Like many, I cut my single malt teeth on Glenlivet. Prior to this, I thought I did not like scotch whisky, having been exposed to Dewar's white label, J&B and worse. Compared to the Wild Turkey I was drinking at the time (mid 1990s), and even to Jim Beam, I could not really understand how anyone found these enjoyable. I persisted, however, and was thankfully introduced to the Glens by my local bartender, and then later to more esoteric whiskies by my uncle and some of my older friends.
Also, like many, I then transitioned to heavily peated stuff: Ardbeg before they went on hiatus, Laphroaig and (when bought for me as a gift) Lagavulin. Oh how I loved this stuff: I both genuinely loved drinking it and also how off-putting it was to many others. I felt a bit superior, I admit. And I immediately turned my back on the Speysider that gently took my malt virginity. A typical immature young man story. Also typical of younger men, I was broke and so I did not risk my meager cash or gift requests on anything I wasn't sure to like; I had in my house almost no scotch other than Lagavulin, Laphroaig and Talisker until recently. Don't get me wrong: I still have all of these in the house and continue to love them, but as I have matured a bit and my tastes have changed, I have begun to appreciate the occasional subtlety in favor of power. Once in a while.
The two malts I will review today are from Glenlivet. This is the self-proclaimed originator of the single malt phenomenon; virtually all malts prior having been made to be a part of blended whiskies (as is still the case with the majority of whisky produced in Scotland). For those unaware:
- single malt Scotch whisky: all from one distillery, 100% malted barley mashbill, aged at least 3 years in wood
- blended malt Scotch whisky (formerly vatted malt): blend of single malts
- blended Scotch whisky: blend of malt whiskies and grain whiskies
- grain whiskey: more neutral spirit made from a variety of grains (increasingly corn), also aged in wood
Glenlivet 12 year-old Single Malt Scotch Whiskey, 40%ABV ($42)
Nose: Green apples trending almost toward Jolly Rancher territory, but with some supporting brown sugar. Crushed pineapple. Less prominently vanilla and cereal grains. Not a very intense nose, but rather pleasant.
Palate: Very mild and surprisingly round. Apples and pineapple are back, but along with it some definite vanilla, caramel and toffee flavors. Roasted nuts, mild oak and some ginger.
Finish: Short but with building sweetness. Trails off cleanly with a bit of candied ginger and a return of the more bourbony vanilla/wood flavors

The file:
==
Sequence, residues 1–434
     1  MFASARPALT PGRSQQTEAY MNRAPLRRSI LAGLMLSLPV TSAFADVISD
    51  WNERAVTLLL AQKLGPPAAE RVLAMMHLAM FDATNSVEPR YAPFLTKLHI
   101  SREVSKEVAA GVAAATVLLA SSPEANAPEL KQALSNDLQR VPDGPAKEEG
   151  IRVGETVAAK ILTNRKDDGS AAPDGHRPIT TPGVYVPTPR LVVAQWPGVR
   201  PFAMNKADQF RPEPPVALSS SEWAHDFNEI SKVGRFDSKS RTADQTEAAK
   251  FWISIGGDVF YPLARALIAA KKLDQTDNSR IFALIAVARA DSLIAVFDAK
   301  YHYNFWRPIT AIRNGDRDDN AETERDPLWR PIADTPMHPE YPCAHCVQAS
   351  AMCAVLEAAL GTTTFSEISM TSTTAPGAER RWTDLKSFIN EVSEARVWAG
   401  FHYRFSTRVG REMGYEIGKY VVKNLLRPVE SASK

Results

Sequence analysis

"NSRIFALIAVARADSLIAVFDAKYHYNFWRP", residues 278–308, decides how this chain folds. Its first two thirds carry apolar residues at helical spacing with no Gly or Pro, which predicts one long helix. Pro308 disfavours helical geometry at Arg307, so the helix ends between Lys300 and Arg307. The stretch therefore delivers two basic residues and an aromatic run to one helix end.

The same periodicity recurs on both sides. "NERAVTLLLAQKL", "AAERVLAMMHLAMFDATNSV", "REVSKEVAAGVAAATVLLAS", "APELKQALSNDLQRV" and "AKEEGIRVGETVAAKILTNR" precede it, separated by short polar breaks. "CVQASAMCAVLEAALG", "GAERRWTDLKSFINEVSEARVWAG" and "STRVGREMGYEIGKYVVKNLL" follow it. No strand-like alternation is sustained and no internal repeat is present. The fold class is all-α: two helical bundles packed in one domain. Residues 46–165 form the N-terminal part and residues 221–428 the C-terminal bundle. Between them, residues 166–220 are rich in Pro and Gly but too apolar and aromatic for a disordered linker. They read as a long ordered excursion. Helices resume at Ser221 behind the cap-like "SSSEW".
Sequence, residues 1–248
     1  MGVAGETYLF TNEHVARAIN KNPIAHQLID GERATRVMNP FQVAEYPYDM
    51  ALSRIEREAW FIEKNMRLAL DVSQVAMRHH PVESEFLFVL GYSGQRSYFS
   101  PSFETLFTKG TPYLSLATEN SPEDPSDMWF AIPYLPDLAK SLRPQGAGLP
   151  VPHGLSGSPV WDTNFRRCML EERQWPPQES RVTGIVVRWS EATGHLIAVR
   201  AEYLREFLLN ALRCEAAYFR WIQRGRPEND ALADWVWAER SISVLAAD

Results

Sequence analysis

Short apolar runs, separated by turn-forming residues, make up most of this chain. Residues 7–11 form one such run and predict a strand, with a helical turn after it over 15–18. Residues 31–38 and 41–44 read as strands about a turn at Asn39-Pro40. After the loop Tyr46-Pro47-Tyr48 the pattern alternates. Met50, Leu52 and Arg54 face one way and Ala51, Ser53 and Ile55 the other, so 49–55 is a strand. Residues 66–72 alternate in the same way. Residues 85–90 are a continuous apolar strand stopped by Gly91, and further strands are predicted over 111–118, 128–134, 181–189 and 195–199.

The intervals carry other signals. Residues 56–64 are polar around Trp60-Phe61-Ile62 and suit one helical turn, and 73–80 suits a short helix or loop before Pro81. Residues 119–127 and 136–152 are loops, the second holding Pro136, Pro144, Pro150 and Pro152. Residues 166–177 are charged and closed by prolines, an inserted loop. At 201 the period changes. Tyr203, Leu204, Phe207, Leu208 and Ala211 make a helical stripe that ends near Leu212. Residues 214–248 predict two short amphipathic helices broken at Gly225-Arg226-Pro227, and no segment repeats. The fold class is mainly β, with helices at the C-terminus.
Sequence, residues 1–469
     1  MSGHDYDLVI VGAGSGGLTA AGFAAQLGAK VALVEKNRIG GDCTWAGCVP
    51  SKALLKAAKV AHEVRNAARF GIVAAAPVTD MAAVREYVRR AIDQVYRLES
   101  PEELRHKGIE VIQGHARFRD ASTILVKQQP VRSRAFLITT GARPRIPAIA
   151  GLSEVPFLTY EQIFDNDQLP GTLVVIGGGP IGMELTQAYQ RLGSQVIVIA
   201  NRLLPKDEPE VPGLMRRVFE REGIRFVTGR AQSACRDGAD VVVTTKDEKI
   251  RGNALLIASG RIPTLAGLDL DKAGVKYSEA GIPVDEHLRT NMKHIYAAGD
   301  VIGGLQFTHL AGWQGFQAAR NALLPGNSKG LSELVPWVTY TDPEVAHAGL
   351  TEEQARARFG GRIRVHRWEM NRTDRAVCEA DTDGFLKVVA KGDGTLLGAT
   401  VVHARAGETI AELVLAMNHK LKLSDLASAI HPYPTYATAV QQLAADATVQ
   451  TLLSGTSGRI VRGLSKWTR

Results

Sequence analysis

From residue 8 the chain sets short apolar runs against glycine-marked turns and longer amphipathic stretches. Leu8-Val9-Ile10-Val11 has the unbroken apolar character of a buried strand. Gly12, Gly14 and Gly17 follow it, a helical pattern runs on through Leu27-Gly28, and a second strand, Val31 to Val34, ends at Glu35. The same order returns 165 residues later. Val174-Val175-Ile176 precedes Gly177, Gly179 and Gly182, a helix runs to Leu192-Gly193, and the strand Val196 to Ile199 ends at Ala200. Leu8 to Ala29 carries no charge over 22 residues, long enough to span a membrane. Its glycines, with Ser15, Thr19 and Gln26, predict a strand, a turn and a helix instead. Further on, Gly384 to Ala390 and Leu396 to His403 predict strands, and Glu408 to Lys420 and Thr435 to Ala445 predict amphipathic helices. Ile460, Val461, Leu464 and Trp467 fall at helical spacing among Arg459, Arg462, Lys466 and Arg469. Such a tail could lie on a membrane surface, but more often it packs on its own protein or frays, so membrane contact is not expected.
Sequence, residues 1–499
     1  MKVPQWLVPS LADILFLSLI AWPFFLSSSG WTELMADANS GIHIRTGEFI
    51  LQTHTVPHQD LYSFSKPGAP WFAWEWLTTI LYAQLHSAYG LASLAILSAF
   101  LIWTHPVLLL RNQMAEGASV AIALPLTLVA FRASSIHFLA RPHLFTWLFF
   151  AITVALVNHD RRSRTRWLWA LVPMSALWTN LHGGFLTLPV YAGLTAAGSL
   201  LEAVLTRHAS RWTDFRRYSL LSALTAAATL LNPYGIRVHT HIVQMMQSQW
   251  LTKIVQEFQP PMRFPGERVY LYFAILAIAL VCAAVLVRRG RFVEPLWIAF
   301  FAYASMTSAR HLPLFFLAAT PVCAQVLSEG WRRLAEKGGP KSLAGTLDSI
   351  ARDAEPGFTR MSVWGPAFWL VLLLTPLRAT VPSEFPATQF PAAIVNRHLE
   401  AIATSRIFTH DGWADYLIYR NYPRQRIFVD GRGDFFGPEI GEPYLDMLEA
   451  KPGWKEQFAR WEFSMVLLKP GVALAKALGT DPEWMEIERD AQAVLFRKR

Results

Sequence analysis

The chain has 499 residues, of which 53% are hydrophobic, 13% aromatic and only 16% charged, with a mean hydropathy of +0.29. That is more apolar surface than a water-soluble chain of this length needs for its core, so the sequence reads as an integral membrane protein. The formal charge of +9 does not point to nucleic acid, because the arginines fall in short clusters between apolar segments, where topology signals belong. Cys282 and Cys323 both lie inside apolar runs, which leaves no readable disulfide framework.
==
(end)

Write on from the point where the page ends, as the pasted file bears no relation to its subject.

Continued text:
Overall, this is far better than I remember it. This is a well-made, very gentle but pleasant whisky with not a trace of off-flavor to be found. The lack of sherry or peat reveals a pleasantly fruity distillate that is made more interesting by the obvious bourbon influence. It is somewhat mild however, which is not helped by its 40%, and much of its nuance would likely be lost in a setting other than quietly and somewhat autistically studying one's dram. This is a good go-to in a less than well-stocked bar or airplane and would make a pretty good standard to have around the house, as it is very well priced (for scotch).
Glenlivet 15 year-old French Oak Reserve Single Malt Scotch Whiskey, 40%ABV ($55)
Nose: Slightly more intense. Much like its brother but with noticeably more caramel, vanilla and a touch of Asian spices. More caramelapple than apple pie.
Palate: Spicier attack. Alcohol seems a bit pricklier. Five-spice powder, vanilla/toffee, a hint of coffe. Other flavors as with the 12, but drier overall.
Finish: Warmer and more drying, but again spicier and more complex. Longer. Flavors evolve more and seem to switch between bourbon and cognac. Maybe a hint of cough syrup, oddly. Finally the palate is left cool.
This too, is much better than I'd recalled. The extra aging and/or oak treatment lend additional interest that, more than it's sib, invites another sip. This is a lovely dessert whisky that is less subtle than the 12 and combines some interesting spice and new-oak notes with the bourbon and apples profile. My only real gripe with this one is that it's pretty expensive for what it is. Scotch prices are what drove me to American whiskey in the first place, and I just can't see this as worth the same money as Blanton's or the like. Even among single malts, this was only three dollars less than the 94-point beast I reviewed yesterday. I get that this is a different style, but I'm not sure it's worth the money.
In tasting these, I think I have found the perfect gateway from bourbon to Scotch that I did not previously appreciate: the Bourbon barrel influence in both of these is both very clear and very pleasant. Here, though, the vanilla and caramel flavors really play well with sweet fruit and nut notes in an overall more gentle and elegant whole. I cannot imagine a bourbon drinker who would find this unpleasant; maybe just boring. For this reason, I really look forward to trying the Nàdurra sometime soon: I suspect 16 years and an increase in bottling strength could lift this stuff to a much better place.
Overall, I think an occasional return to less intense whiskies is likely a good thing, and these are better examples than many I've had, despite their huge production. Peat in particular, and also sherry are very distinct and, to many, acquired or polarizing flavors to have in ones drink. I think that many start off into single malts and get either big sherry or lots of smoke and end up fleeing back to bourbon or blends, and that is a shame. Starting with one of these bottles is a really nice exercise in retraining the palate to appreciate more gentle and subtle flavors